Associate Professor of Religious Studies Dr. Steve Dawson is one of 25 faculty members in the country selected to participate in the Teaching Interfaith Understanding seminar at DePaul University in Chicago from June 18-22.
The seminar, which is co-hosted by the Council of Independent Colleges and Interfaith America, seeks to help faculty advance “essential work in diversity and understanding.”
According to the CIC’s website, “an interfaith or interreligious approach allows students to reflect on questions of personal meaning, purpose, and values in the experiential forms of narratives, beliefs, and practices.”
The 2023 seminar will “examine how interfaith understanding can be taught effectively in the college classroom so that students are equipped for interfaith engagement and leadership, both in the classroom and beyond.”
Dawson, who came to Lynchburg in 2010 and chairs the philosophy department, said he’s looking forward to meeting, and working with, the other faculty members selected for the event. He’s also excited about how the seminar will inform his teaching and research.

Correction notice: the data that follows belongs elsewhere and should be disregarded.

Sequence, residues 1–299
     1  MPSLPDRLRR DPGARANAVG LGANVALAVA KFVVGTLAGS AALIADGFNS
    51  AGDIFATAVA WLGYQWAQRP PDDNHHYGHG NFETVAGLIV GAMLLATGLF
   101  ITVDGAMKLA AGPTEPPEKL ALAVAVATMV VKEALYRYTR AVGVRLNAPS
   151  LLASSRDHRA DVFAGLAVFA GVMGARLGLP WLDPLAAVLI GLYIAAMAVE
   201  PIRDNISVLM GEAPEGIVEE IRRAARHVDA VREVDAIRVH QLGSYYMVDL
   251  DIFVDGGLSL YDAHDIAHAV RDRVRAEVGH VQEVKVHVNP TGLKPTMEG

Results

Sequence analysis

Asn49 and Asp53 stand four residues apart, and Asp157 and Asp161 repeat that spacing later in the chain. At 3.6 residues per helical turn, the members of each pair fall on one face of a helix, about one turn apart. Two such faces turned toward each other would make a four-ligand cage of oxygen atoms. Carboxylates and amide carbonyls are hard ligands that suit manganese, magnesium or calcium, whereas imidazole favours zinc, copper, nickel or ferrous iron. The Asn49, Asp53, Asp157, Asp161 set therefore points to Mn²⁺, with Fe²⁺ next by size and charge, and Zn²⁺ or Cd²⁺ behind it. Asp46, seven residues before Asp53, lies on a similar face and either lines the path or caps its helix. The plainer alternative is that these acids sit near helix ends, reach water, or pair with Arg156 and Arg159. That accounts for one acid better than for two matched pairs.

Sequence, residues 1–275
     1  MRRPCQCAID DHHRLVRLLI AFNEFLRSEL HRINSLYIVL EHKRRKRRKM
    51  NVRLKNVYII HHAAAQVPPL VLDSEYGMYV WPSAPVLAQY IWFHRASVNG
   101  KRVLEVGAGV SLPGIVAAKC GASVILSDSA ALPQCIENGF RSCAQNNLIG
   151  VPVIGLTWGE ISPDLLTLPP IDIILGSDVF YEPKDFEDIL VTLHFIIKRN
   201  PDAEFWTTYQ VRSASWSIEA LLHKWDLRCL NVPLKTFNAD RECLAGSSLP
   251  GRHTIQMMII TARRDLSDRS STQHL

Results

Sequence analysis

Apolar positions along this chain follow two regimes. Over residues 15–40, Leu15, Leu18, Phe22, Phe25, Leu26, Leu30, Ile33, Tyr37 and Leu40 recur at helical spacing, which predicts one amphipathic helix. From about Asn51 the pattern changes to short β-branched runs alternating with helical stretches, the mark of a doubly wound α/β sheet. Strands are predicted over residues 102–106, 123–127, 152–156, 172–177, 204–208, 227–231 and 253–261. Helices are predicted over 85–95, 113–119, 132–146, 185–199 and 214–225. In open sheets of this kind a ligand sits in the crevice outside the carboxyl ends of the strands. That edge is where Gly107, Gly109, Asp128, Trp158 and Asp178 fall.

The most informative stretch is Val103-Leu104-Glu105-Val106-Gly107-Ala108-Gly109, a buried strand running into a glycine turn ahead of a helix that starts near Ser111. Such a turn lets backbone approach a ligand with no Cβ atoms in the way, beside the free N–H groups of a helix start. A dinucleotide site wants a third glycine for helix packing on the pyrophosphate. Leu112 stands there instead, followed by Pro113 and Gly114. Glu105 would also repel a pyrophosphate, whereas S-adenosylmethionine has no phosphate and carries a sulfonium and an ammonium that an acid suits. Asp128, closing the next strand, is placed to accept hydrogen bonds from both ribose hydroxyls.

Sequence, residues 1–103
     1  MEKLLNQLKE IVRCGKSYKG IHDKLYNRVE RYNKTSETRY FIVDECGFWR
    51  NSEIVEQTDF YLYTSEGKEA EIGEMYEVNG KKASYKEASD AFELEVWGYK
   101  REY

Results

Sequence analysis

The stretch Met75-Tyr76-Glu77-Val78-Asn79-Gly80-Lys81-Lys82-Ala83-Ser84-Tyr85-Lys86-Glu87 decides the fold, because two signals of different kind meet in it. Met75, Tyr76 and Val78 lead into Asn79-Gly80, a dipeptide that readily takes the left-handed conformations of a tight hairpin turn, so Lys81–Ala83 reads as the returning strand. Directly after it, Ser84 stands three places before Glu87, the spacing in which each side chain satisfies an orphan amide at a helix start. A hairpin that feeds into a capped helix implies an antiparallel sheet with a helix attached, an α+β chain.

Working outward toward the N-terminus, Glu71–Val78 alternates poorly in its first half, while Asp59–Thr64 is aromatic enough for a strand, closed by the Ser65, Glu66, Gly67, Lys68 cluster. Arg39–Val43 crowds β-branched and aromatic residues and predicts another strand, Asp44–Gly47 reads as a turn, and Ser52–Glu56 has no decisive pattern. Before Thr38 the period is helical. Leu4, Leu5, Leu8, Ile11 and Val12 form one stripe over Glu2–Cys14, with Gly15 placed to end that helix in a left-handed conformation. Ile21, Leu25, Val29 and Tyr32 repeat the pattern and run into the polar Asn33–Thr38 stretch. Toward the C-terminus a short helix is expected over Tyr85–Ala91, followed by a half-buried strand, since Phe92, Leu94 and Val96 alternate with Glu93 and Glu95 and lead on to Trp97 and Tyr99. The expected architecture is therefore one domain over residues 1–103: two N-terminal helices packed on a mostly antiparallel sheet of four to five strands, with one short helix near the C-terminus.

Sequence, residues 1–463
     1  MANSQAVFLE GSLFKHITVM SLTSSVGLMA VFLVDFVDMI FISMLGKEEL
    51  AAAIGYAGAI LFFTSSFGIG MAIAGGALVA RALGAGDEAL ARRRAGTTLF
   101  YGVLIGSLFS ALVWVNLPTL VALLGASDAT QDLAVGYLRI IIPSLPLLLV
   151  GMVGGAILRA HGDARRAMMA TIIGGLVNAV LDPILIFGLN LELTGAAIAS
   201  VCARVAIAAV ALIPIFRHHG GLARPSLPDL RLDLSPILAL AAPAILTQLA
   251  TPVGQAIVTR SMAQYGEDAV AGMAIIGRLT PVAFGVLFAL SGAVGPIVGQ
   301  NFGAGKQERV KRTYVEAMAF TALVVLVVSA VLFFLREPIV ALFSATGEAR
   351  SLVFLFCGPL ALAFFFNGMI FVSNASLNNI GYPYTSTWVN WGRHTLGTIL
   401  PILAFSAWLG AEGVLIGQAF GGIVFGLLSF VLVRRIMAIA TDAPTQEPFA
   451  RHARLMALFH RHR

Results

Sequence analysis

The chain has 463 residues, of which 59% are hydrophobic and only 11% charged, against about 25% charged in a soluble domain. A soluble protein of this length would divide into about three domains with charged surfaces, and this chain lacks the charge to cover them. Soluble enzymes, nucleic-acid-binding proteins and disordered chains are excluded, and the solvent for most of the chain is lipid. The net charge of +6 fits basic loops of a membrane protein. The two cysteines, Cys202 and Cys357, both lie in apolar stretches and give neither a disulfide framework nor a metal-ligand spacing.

“I have become deeply interested in contemplative pedagogy, which can be understood as the use of various contemplative practices from a wide array of different cultural, religious, and philosophical traditions,” Dawson said.
“This approach to teaching and learning is transformative insofar as students engage the world by paying attention to their particular experience of engagement, [an] experience that necessarily changes throughout the process of engagement. Students thus come to see the world differently because the [ways in which] they themselves are now different.”
He’s also participating in a project funded by a CIC grant titled “Spiritual Practices in Lynchburg: An Experiential Journey,” a collaboration between the religious studies department, the Office of Equity and Inclusion, and the Spiritual Life Center.
“I’m excited about the opportunities … this seminar can open, both [for] the work I do with contemplative pedagogy in my own classes as well as my ongoing participation in our ‘Spiritual Practices in Lynchburg’ project,” Dawson said.